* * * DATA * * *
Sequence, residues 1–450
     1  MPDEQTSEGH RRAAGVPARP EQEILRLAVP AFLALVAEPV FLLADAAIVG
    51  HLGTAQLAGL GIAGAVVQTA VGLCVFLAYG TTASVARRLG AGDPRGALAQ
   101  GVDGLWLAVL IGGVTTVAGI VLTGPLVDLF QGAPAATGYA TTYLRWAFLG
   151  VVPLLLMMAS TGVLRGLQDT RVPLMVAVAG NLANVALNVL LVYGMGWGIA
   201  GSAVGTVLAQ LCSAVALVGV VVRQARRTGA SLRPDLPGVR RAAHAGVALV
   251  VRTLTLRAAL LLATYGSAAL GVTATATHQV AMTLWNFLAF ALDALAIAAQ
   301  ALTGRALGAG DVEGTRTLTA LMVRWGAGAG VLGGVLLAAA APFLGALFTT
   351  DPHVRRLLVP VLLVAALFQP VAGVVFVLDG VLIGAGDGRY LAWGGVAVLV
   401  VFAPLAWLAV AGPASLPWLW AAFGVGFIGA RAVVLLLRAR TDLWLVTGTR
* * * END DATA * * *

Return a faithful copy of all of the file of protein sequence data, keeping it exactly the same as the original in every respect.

Sequence, residues 1–450
     1  MPDEQTSEGH RRAAGVPARP EQEILRLAVP AFLALVAEPV FLLADAAIVG
    51  HLGTAQLAGL GIAGAVVQTA VGLCVFLAYG TTASVARRLG AGDPRGALAQ
   101  GVDGLWLAVL IGGVTTVAGI VLTGPLVDLF QGAPAATGYA TTYLRWAFLG
   151  VVPLLLMMAS TGVLRGLQDT RVPLMVAVAG NLANVALNVL LVYGMGWGIA
   201  GSAVGTVLAQ LCSAVALVGV VVRQARRTGA SLRPDLPGVR RAAHAGVALV
   251  VRTLTLRAAL LLATYGSAAL GVTATATHQV AMTLWNFLAF ALDALAIAAQ
   301  ALTGRALGAG DVEGTRTLTA LMVRWGAGAG VLGGVLLAAA APFLGALFTT
   351  DPHVRRLLVP VLLVAALFQP VAGVVFVLDG VLIGAGDGRY LAWGGVAVLV
   401  VFAPLAWLAV AGPASLPWLW AAFGVGFIGA RAVVLLLRAR TDLWLVTGTR